Who built the Old Stone Fort? What was the purpose of the Old Stone Fort? The Duck River forms the peninsula’s northwestern boundary, the Little Duck forms the peninsula’s southeastern boundary, and a westward bend in charles fort complete works pdf Little Duck forms the peninsula’s southern boundary.
As the Duck and Little Duck approach their convergence, they rapidly drop in elevation, and have cut relatively deep gorges around the peninsula upon which the ancient structure is located. Both gorges are highlighted by a series of substantial waterfalls and whitewater rapids. The walls originally consisted of an inner and outer layer of crudely stacked rocks and slabs with gravel and earthen fill in between. Over the centuries, the earthen fill has spilled over the rock layers, giving the walls their current mound-like appearance. The walls can be divided into roughly three sections, with two sections running roughly parallel to the Duck and Little Duck Rivers, and a third section running parallel to the southern rim of the peninsula. The sections paralleling the rivers gradually move inward, away from their respective rivers, and approach one another in a pincer-like formation at the northeastern half of the peninsula.
Here, both walls terminate just before converging, allowing for a small entrance. L-shaped corridor which opens into the structure’s interior. Large open sections are found between both the southern wall and the northwestern wall and the southern wall and the southeastern wall. These areas were probably left open due to the fact that they overlook steep bluffs carved out by the Duck and Little Duck rivers whose waters probably performed the same function as the mounds. A substantial ditch, known as the “moat”, parallels the southern wall at the base of the ridge. This ditch is a natural feature and is actually an abandoned river channel. However, it is not known if this channel was artificially kept open in prehistory.
By the time white long hunters and traders arrived in the area in the mid-18th century, a system of well-worn trails traversed the Cumberland Plateau, connecting what is now Middle Tennessee with Georgia and Northern Alabama. The ancient structure was no doubt an important landmark to early travelers in the Middle Tennessee area. The structure also had an important symbolic significance for early Coffee County residents. The county’s first court was held at the “Old Stone Fort Tavern” in 1836, and the county seat was laid out upon “Main Stone Fort Creek. The powerful Duck River made the Old Stone Fort’s peninsula an attractive site for mills as early as 1823, when Samuel Murray built a rope factory on the Little Duck River. Although the factory burned in 1847, it was followed by W.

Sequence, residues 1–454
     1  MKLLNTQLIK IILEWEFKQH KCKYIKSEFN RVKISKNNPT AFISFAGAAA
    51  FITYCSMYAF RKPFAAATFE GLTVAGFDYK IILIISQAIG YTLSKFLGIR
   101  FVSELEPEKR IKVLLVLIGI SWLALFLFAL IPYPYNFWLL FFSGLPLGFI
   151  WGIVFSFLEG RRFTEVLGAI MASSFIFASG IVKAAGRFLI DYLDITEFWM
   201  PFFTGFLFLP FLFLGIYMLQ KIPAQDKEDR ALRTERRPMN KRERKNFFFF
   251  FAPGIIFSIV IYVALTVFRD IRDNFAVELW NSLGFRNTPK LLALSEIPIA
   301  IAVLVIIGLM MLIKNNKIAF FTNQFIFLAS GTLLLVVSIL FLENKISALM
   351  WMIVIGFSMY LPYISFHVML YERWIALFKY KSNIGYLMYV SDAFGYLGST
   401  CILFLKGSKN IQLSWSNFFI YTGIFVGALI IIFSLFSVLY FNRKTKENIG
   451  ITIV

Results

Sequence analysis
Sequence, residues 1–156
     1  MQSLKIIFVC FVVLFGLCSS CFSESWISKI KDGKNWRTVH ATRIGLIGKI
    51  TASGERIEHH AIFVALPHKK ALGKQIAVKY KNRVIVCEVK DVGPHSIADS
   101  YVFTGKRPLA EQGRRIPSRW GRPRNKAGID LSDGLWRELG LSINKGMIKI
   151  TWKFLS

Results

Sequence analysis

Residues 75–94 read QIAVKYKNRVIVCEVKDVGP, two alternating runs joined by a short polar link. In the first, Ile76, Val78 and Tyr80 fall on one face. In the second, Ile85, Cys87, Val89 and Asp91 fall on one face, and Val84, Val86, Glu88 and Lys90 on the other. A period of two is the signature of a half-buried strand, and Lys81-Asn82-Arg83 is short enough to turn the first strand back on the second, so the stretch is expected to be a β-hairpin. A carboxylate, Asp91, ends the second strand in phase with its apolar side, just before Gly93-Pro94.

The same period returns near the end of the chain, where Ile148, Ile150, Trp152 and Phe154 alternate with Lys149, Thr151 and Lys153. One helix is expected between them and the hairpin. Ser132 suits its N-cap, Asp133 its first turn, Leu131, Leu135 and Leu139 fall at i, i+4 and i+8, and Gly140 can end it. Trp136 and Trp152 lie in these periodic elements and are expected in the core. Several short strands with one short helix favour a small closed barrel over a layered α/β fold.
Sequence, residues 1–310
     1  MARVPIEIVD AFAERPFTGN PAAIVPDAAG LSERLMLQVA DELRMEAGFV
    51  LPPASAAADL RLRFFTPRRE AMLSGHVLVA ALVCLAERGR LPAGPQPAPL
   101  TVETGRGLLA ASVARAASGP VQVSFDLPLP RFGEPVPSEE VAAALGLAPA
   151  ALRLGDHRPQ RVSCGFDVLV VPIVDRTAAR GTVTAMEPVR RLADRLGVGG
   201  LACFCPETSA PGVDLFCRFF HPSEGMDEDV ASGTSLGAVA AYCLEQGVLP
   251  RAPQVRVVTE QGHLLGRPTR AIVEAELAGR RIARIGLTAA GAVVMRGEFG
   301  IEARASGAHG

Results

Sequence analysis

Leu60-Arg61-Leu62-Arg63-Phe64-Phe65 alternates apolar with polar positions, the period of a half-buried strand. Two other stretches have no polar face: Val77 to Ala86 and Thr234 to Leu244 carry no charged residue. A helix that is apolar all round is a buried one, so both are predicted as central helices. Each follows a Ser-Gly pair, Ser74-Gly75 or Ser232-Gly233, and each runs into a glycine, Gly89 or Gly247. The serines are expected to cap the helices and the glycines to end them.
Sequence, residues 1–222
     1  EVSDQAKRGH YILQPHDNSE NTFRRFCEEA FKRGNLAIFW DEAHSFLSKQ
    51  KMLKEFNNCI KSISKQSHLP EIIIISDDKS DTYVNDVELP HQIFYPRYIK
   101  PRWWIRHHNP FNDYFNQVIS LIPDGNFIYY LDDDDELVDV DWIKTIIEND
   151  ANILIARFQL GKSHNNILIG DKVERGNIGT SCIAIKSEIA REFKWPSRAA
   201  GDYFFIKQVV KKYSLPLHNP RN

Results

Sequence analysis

Whitman’s paper mill further downstream in 1852. In 1879, the Stone Fort Paper Company built a large mill near Big Falls on the Duck River. The mill’s foundations are on the bluffs overlooking Big Falls, and can be accessed via the Old Stone Fort Loop Trail. The property containing the Old Stone Fort was eventually passed into the hands of the Chumbley family, who had ties to Stone Fort Paper. The Chumbleys, seeking to protect the Old Stone Fort, passed up numerous private offers for the land the ancient structure was located on. Chumbley estate that became the core of Old Stone Fort State Archaeological Park. The Old Stone Fort was added to the National Register of Historic Places in 1973.
Throughout the 19th and early 20th century, various theories tried to identify the builders. Florida and forced them inland. Viking artifacts in various parts of North America led many to believe the Vikings built stone structures in the Eastern U. 1876 and uncovered several prehistoric artifacts. He was followed by Tennessee State Archaeologist P. Cox in 1928, who dug several trenches and analyzed the fort’s composition. In 1966, after the purchase of the Old Stone Fort, the University of Tennessee Department of Anthropology investigated the structure’s origins.
Digging a series of trenches and test pits and conducting extensive research, the investigators determined the builders to be Native Americans of the Middle Woodland period. 30-430 AD, in the Middle Woodland period. The University of Tennessee determined the fort was built gradually over a period of several hundred years. 1st century AD and the second completing it. For decades, it was largely assumed the structure was used for military defense. Evidence from the 1966 excavations, however, points more to a religious or ceremonial function. Defensive structures are typically constructed quickly in response to a threat, but the Old Stone Fort was constructed gradually over several centuries.